EDITOR, The Tribune.
I AM writing to express the frustration of my wife and myself about the increasingly difficult and time consuming requirements to enter The Bahamas. We have spent long periods of time in Nassau during the winter months for many years. We enjoy the warm weather and escape the harsh cold and snow in this eastern part of Canada. Whether we will be able to have this annual trip is becoming a major problem as your Minister of Tourism keeps introducing further complications.
In most parts of Canada it is difficult to obtain COVID-19 tests for healthy persons just for leisure travel. The government health clinics who are the sole administrators of medicine are overwhelmed with sick patients. Appointments are hard to obtain which gives the whole travel process an uncertainty because your government is demanding test results no more than seven days old and we have to be on the ground in Nassau by the seventh day with a Health Visa. Obtaining the health visa is the major problem. The timings to get test results and the scanning back from Nassau of the travel authorisation are uncertain. The Air Canada schedule has been so cut back that there is little flexibility for travel dates.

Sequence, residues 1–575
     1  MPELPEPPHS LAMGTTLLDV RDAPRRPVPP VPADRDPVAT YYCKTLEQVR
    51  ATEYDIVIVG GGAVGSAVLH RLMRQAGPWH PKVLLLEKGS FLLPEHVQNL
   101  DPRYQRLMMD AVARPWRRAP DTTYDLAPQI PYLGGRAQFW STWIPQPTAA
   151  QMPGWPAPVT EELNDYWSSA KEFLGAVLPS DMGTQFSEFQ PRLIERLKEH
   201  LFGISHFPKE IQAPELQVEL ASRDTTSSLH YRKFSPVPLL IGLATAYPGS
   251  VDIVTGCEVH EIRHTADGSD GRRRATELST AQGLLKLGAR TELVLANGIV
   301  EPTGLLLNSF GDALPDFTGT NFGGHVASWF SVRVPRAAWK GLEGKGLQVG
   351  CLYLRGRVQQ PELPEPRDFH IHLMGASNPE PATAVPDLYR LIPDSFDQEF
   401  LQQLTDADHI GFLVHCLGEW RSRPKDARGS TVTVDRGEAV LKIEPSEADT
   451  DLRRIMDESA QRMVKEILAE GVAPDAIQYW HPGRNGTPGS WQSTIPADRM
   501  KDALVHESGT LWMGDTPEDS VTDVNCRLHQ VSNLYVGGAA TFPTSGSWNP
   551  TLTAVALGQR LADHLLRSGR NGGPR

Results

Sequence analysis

We now learn that, despite getting the required test, we must take a test at the airport on arrival and, unbelievingly, yet another four days later both at our expense with no idea given as to costs.
Now your Minister of Tourism is trying to get travel health insurance included in the new Health Visa. However nearly all visitors have travel health insurance purchased when getting their air ticket. Air Canada is already providing free health insurance with the tickets for up to three weeks. Like many senior citizens we have an Annual Travel Health Insurance plan. We would not require your insurance but your Minister has said that it will be included in the Health Visa charge. We will be forced to pay twice so the travel costs keep mounting.
We keep reading in your newspaper ongoing comments by the Tourism Ministry about consultations with “travel partners” and rosy predictions about “pent-up demand” for tourism to The Bahamas. However the truth is that you have gone from an easy country to enter to one of the most difficult. For the sake of your economy how much longer can these unworkable measures continue?
It is so cumbersome that even stalwart visitors to Nassau such as our family are worried that we will not be able to come this winter unless things change quickly. Other less committed prospective visitors will travel to other Caribbean destinations where the entry is easier and the welcome mat sensibly thought out. It is a very regrettable situation. We hope change comes soon.
CHRISTOPHER J SEWARD QC
October 6, 2020.